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Q: What is Collision Coverage?

December 17, 2013 12:53 PM

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Collision coverage is a type of auto insurance coverage that provides for both accidental and direct damage, as well as the loss of a vehicle resulting from a collision with an object or another vehicle. Collision coverage provides payment for replacement or repair to the covered vehicle, minus the deductible. When a vehicle is protected by collision coverage, payment will be made regardless of whether you are at fault in the accident. This type of insurance coverage does not pay for medical expenses related to you as the driver or for those of any occupants of the vehicle.

Many insurance companies offer two different types of collision coverage. One option involves replacement-cost coverage, and the other involves the cash value of the vehicle. In replacement-cost coverage, the insurance company will provide you with enough money to purchase a vehicle of the same year, make and model as the totaled vehicle. Wear and tear on the covered vehicle is typically not taken into consideration. There will usually be an additional premium for this type of coverage. Although the cash value coverage will pay for the value of the vehicle at the time of the collision, this may not match the value that is required to replace the vehicle. If a vehicle is not in excellent condition and/or has high mileage, the loan on the vehicle could be higher at the time of the incident than the value of the vehicle.

The premiums for collision insurance coverage are based on the value and type of vehicle. You can often offset the premium by selecting a higher deductible. This is the part of the covered loss that you pay. The insurance company pays the remainder. Other factors that can affect the premium for collision coverage include car safety factors. Vehicles that are determined to be safer by the insurance company may cost less to protect with collision coverage.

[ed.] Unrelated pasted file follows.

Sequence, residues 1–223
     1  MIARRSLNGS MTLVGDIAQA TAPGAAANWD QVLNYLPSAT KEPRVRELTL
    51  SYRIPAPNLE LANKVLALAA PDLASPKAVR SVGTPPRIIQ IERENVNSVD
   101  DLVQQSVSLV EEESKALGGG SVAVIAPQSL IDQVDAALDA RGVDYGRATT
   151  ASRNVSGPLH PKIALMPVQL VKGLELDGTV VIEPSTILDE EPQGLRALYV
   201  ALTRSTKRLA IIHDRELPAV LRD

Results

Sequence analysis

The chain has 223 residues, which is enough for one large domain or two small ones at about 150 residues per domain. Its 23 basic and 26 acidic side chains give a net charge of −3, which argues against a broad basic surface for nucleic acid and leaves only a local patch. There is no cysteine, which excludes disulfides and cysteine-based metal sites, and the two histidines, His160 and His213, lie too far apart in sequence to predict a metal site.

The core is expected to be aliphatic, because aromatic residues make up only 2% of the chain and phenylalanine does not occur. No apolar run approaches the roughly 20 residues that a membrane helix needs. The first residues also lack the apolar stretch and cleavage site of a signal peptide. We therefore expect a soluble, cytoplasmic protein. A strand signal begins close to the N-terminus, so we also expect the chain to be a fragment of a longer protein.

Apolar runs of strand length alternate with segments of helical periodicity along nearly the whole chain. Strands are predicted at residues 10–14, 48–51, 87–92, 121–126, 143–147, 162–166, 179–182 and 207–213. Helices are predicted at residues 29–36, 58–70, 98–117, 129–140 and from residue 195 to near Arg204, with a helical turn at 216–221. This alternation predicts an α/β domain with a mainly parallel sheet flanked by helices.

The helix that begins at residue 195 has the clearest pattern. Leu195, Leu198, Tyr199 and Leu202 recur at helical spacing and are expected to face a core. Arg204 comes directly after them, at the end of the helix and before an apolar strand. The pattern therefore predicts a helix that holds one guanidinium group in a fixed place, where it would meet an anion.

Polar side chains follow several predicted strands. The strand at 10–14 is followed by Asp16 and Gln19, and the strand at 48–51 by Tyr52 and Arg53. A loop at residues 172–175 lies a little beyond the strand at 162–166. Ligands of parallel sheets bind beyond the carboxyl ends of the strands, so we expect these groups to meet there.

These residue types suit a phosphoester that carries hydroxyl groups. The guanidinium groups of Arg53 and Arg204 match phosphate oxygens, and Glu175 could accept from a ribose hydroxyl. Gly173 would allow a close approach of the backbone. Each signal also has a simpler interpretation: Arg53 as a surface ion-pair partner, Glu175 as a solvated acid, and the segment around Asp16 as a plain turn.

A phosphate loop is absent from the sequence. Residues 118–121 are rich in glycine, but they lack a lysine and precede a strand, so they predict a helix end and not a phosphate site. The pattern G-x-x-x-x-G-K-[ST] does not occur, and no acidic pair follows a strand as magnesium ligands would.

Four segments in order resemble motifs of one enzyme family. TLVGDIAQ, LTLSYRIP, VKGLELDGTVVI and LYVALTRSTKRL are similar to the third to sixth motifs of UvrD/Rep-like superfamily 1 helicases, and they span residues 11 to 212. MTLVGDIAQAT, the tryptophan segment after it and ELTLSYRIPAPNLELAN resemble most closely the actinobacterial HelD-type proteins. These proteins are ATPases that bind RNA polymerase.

If your vehicle is leased or financed, you will be required to carry collision coverage in order to protect the vehicle. The term comprehensive coverage is also frequently used along with collision coverage. Comprehensive coverage provides a type of blanket coverage for your vehicle. It will provide coverage for almost any type of damage to your vehicle that is not covered by collision coverage. This type of coverage will provide protection against losses that might result from incidents that are not collision related, such as vandalism, theft and acts of nature. Although it is not required by law, the lender typically does require you to carry comprehensive coverage if you are financing your vehicle. Even if your vehicle is not financed, you may still find it beneficial to cover the vehicle with collision coverage in order to avoid the out-of-pocket expenses related to repairing or replacing it, should you be involved in a collision. Collision coverage will also often cover rental cars. If your insurance company allows this, you may be able to waive the coverage offered by the rental company.

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